Casanova turns in something different with this lyrical look at an island’s start to a brand new day.
There is no plot, just a series of island vignettes that are sometimes beautiful in their simplicity, the typesetting of the words on the pages at times echoing their meanings: “Pine trees s t r e t c h / their limbs and branches.” Precise words introduce nature vocabulary to little listeners—dangle, plunge, gargle, shimmy—and paint word pictures: “Heron swoops, / a two-stilt statue.” And the island is filled with the flora and fauna of the north woods: deer, moose, spider, loon, mallards, bees. Greens, blues, and browns dominate Wroblewski’s woodcuts. The ravens and chickadees are so close to realistic they might fly away, the heron’s feathers are gorgeously detailed, and the bear and red squirrel scenes might be artwork on a wall. Other times, though, the illustrations are a miss—the opening spread of water and sky is unrealistic to the point of being abstract, and the closing picture uses the same sky. The addition of “you,” a blond, white child who wakes up, eats breakfast, and rushes out to explore the world, can be seen as intruding on the natural scene, and Wroblewski’s close-up of this child is wooden and almost ugly.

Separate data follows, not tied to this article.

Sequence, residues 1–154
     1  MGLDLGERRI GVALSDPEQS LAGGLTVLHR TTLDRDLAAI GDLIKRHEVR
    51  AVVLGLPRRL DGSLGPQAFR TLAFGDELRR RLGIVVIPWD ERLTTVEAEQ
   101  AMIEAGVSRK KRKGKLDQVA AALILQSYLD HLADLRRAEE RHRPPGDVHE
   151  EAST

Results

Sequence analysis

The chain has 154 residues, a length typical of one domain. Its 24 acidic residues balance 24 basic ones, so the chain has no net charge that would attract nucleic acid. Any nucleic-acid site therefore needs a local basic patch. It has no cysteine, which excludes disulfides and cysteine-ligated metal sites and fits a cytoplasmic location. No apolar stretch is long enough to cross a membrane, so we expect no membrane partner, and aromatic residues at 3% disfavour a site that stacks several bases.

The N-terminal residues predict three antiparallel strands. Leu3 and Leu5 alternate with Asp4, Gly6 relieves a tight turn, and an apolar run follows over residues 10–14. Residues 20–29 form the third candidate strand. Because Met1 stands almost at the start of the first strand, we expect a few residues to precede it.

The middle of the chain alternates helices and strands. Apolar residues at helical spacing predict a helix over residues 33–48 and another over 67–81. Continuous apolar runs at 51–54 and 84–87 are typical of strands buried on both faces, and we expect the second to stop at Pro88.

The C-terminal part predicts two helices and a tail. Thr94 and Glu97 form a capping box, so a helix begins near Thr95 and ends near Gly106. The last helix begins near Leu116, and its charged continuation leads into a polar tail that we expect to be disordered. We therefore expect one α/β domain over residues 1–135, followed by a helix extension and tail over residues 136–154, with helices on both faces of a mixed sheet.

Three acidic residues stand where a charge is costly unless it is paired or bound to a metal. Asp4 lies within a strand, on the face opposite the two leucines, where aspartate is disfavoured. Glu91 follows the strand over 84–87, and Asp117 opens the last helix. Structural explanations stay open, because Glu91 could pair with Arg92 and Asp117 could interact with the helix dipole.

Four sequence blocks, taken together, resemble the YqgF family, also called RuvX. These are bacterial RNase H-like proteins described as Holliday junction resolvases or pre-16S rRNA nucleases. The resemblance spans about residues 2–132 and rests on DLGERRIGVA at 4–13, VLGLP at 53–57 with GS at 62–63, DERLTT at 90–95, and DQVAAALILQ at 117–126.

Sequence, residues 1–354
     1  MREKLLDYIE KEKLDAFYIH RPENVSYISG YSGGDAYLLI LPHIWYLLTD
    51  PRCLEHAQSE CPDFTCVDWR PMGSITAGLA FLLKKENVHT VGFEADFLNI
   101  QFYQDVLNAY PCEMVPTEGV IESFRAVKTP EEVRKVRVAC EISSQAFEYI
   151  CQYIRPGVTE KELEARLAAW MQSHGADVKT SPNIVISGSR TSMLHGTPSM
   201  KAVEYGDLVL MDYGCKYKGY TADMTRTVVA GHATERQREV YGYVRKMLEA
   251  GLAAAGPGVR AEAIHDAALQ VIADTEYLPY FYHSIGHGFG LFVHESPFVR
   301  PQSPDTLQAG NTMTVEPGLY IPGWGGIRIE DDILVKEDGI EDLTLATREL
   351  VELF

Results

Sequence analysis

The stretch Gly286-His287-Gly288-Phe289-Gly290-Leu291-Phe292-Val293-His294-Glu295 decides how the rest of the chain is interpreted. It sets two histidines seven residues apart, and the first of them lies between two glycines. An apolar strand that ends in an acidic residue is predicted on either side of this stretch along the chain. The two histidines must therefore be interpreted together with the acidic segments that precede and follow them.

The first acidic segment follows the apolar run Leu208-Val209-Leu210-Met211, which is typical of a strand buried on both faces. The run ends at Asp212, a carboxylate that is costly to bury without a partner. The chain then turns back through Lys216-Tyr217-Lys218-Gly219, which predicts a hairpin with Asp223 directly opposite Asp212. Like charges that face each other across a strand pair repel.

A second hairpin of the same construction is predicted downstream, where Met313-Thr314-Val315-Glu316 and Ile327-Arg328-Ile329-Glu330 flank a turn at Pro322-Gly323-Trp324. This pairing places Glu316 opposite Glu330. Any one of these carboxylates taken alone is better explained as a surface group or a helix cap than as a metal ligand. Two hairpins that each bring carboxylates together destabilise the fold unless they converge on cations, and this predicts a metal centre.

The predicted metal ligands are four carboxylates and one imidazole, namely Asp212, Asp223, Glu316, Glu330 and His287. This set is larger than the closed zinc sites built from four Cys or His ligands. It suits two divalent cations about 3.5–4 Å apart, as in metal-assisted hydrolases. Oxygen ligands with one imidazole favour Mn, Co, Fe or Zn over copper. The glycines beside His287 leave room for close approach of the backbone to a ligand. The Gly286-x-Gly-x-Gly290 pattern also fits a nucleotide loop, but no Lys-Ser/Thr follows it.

A mixed bag, to be sure, but for those children living near these island oases, there is much that will seem familiar. (Picture book. 4-7)